From the bottom up: tracing the impact of four health-based social movements on health and social policies

J Health Soc Policy. 2006;21(3):55-69. doi: 10.1300/J045v21n03_04.


Although health-based social movements organized by grassroots activists have a rich history in impacting health and social policy, few systematic studies have addressed their policy change efforts or effectiveness. In this article, the authors trace how four health-based social movements-the women's health movement, ACT UP, breast cancer, and needle exchange-influenced health and social policy legislation. The activists' efforts wrested control of "authoritative knowledge" that had once been the sole domain of "experts" with advanced medical training. They used this knowledge to empower "average" people with medical information, promote self help and engage in civil disobedience, which led to changes in healthcare delivery, drug testing and approval, and increased research funds for HIV/AIDS, breast cancer, and needle exchange. The activists' efforts led to other health-based social movements that are currently, or will become, issues for health and social policy analysts in the future.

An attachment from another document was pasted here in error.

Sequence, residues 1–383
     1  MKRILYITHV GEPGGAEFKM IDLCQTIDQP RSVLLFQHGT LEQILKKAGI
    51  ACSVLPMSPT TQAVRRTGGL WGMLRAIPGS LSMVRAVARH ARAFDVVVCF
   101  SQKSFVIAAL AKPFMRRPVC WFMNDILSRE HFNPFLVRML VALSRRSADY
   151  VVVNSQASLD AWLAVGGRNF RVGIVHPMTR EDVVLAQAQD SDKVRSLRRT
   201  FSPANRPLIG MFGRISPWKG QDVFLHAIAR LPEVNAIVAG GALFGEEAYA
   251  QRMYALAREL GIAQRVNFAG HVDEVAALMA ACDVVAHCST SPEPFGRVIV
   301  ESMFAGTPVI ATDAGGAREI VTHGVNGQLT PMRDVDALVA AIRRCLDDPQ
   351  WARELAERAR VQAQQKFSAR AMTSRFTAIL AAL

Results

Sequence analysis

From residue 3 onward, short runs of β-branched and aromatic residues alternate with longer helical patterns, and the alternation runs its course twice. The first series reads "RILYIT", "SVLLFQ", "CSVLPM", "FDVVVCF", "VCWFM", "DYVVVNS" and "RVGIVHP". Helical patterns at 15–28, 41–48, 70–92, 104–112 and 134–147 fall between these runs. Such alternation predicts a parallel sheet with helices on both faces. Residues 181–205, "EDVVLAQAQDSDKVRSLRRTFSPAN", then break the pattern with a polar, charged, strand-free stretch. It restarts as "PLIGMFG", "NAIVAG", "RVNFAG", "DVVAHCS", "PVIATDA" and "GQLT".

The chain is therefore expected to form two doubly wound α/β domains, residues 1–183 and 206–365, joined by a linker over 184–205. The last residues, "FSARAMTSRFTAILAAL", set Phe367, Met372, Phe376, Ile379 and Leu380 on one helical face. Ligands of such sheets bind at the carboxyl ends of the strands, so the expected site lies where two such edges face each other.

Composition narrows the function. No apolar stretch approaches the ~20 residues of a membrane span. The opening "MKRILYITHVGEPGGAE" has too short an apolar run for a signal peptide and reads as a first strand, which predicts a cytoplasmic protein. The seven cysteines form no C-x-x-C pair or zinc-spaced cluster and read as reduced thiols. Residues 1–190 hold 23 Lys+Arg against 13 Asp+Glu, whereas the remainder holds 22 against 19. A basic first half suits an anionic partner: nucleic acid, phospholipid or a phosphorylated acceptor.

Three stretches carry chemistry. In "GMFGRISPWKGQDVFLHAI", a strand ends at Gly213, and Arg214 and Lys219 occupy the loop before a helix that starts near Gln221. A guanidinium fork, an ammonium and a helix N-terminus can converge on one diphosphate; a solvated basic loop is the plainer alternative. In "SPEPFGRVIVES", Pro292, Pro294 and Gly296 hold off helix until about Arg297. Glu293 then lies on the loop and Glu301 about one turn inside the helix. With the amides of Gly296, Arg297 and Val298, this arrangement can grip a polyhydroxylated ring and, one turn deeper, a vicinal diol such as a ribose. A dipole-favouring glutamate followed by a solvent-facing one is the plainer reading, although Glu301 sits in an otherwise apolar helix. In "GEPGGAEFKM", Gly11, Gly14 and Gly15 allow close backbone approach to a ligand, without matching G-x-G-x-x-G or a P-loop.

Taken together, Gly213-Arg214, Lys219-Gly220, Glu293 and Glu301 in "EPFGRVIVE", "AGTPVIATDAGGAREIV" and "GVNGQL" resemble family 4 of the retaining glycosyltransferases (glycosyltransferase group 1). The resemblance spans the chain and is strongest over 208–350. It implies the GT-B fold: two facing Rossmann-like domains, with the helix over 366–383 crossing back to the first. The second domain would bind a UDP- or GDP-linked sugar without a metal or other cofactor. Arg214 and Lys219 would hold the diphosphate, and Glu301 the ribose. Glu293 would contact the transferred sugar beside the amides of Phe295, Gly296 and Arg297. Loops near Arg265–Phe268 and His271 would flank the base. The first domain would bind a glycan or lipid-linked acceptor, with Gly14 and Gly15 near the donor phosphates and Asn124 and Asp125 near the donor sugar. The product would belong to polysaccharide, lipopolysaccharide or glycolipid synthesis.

Publication types

  • Evaluation Study
  • Historical Article

MeSH terms

  • Community Networks / history*
  • Female
  • Health Policy*
  • History, 20th Century
  • Humans
  • Male
  • Public Policy*
  • Social Change*
  • United States